It was on Sept. 14, 1814, that Francis Scott Key composed the lyrics to the “Star Spangled Banner,” and 203 years later, students at Blythe-Bower Elementary School enjoyed partaking in their …
It was on Sept. 14, 1814, that Francis Scott Key composed the lyrics to the “Star Spangled Banner,” and 203 years later, students at Blythe-Bower Elementary School enjoyed partaking in their own “Star Spangled Banner” Day.
“It’s a special moment at the school,” Principal Dr. Joel Barnes said.
The day has become a 17-year tradition at Blythe-Bower, and it serves as a memorable teaching event for the students, as special guests come to the school to participate.
Cleveland Mayor Tom Rowland is a yearly guest for Blythe-Bower’s “Star Spangled Banner” Day, and he considers it an honor to be there for it.
“I commend Blythe-Bower school for doing this, and I love coming here every year,” Rowland proclaimed.
“I like this part of education because it teaches the students respect for our flag and our nation and what our flag and national anthem stand for. These kids are going to grow up and be great citizens.”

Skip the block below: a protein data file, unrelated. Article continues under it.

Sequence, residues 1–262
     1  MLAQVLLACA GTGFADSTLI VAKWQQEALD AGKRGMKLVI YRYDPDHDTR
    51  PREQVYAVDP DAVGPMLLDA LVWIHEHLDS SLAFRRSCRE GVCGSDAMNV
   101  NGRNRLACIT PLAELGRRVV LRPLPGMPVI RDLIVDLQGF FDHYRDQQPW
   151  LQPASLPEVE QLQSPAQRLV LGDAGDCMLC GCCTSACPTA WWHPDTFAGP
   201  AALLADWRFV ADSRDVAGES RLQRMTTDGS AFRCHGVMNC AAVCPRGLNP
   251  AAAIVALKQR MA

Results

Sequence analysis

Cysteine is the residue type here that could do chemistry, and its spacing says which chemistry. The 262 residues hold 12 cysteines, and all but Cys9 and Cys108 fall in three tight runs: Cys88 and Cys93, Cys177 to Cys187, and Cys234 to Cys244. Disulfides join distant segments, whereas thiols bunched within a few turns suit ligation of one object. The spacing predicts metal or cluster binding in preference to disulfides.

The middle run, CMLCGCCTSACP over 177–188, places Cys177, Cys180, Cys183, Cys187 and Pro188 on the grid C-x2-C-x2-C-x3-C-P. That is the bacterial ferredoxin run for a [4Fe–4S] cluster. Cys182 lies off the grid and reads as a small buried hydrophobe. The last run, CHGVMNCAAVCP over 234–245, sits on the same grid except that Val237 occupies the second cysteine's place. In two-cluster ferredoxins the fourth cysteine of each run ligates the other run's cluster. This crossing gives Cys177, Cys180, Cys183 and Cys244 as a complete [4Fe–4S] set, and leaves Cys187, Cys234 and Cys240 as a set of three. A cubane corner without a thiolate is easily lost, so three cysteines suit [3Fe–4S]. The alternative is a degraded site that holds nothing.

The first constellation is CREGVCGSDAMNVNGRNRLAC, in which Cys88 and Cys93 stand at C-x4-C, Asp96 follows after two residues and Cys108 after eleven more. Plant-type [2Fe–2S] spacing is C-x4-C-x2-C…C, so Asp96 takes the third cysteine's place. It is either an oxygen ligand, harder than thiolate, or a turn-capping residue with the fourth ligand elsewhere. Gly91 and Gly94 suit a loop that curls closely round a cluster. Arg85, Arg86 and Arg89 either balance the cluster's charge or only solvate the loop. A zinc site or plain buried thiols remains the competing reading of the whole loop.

The visit to the elementary school provides Rowland with the opportunity to share the story and meaning behind the national anthem and flag with the students.
“The Star Spangled Banner is a song that means no matter how many bullets and cannons are fired at us, our flag is still standing and it has for these 200-plus years that our nation’s been formed. I think with this patriotic spirit, it will always fly no matter who tries to attack us,” Rowland detailed.
“The flag is not just a piece of cloth; it represents our nation. It represents the men and women serving in our armed forces, it represents our first responders, it represents the United States at its best: the people who protect us by running to danger while we as citizens run from danger.”
According to music teacher Gloria Scott-Richmond, who organizes the day, the “Star Spangled Banner” day festivities trace back to the National Anthem Project.
“Prior to that, I’d already been teaching the kids the national anthem, and I’ve been teaching since 1989,” she explained.
“It’s always a unit that is important to me, and if you’re in a country, you should know their national anthem.”
Blythe-Bower’s “Star Spangled Banner” Day has earned the school national recognition, as then-First Lady Laura Bush acknowledged it approximately 10 years ago.
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